Why should you advertise?
Advertising is one of the main means of attracting potential applicants. The aim of advertising is to make people aware of a vacancy and persuade suitable people to apply for it. It’s also a means of distributing accurate and favourable information about your organisation to the general public.
What steps should you take before writing?
Before you write your advertisement you need to consider the following matters.
Identify your target market
Your target market for a suitable candidate will usually belong in one of the following categories:
managerial and professional staff
skilled and trades workers
Select the best medium for your advertisement
You need to choose the medium that will be seen by the greatest number of potential candidates, ie the places they are likely to look for work. The type of advertisement you choose will be determined by the:
applicant you want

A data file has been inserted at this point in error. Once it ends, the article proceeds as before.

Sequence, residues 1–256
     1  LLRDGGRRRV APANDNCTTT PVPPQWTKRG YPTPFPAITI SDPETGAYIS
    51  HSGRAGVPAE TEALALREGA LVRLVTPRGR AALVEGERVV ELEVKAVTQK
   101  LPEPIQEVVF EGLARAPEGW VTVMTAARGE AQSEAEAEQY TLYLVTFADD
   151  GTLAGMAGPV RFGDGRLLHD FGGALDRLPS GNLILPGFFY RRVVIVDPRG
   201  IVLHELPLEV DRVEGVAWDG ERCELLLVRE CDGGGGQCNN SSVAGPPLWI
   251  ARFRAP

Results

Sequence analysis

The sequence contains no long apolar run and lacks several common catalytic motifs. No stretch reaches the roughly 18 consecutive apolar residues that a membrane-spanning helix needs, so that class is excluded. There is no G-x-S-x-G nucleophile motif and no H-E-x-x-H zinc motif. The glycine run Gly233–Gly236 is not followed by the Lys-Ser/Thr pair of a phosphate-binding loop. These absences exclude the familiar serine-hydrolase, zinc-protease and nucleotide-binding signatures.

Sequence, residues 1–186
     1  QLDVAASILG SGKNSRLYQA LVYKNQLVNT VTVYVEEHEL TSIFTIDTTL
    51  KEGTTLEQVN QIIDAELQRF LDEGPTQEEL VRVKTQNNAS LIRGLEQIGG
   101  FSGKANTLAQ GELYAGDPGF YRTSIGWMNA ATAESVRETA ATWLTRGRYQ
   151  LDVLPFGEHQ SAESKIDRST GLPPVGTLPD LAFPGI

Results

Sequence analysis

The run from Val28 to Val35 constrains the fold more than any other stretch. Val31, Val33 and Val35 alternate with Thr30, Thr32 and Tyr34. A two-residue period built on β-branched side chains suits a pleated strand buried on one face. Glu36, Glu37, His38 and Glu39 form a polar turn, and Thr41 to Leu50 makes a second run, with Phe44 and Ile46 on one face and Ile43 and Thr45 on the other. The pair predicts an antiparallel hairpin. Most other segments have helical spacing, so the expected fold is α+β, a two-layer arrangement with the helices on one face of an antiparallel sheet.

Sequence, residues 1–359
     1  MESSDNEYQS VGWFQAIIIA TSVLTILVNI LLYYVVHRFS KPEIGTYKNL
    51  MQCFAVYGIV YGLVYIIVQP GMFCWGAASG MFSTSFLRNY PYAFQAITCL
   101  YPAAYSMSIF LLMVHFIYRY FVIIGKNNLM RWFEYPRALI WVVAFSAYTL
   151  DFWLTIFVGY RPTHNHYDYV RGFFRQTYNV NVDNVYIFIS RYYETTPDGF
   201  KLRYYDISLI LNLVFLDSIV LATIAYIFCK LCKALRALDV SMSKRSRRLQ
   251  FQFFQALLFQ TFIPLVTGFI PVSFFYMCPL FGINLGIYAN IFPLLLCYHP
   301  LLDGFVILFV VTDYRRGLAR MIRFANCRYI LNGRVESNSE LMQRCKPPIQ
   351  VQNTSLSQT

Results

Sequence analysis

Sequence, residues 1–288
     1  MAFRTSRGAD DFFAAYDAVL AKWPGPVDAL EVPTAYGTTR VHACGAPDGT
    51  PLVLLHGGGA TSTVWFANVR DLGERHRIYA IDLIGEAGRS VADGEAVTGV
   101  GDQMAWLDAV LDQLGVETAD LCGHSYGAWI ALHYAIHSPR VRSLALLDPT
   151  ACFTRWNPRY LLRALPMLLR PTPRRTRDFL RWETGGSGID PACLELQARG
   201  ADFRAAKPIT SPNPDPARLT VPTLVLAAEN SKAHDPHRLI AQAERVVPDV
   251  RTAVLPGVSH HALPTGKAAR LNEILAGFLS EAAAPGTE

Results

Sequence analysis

the costs of using a particular medium.
Typical places to advertise are:
national and metropolitan daily papers (largest readership) – advertisements may be placed in the employment sections or, for professional and senior positions, the editorial pages
local suburban press – a successful medium for advertising unskilled and clerical vacancies
trade journals – useful when special skills or types of work experience are required and the potential labour market is small or restricted
the internet – advertisements can be placed on your website (if you have one), on a recruitment site (for a fee), on a news group or on-line forum (for free) by:
– classifying the job by using appropriate key words, or by type of job, location and other parameters (where there are synonyms for a job title such as “journalist”, “editor”, “writer” and “publishing”, all should be included if possible)
– providing links to further information about the job if appropriate (eg a link to an area on your website)
– ensuring applicants can respond to a job vacancy by electronic mail
– monitoring the advertisement and removing it once a vacancy is filled
business and technical colleges
notices on company property (eg in a window or on a gate)
internal advertising (on noticeboards and intranets).
Consider supporting internet advertising with print advertising because new and inexperienced internet users may encounter difficulties accessing your advertisement.
Decide on the content of your advertisement
Advertisements generally contain the following information:
brief job description
reporting relationship of job (ie position in the organisation’s hierarchy)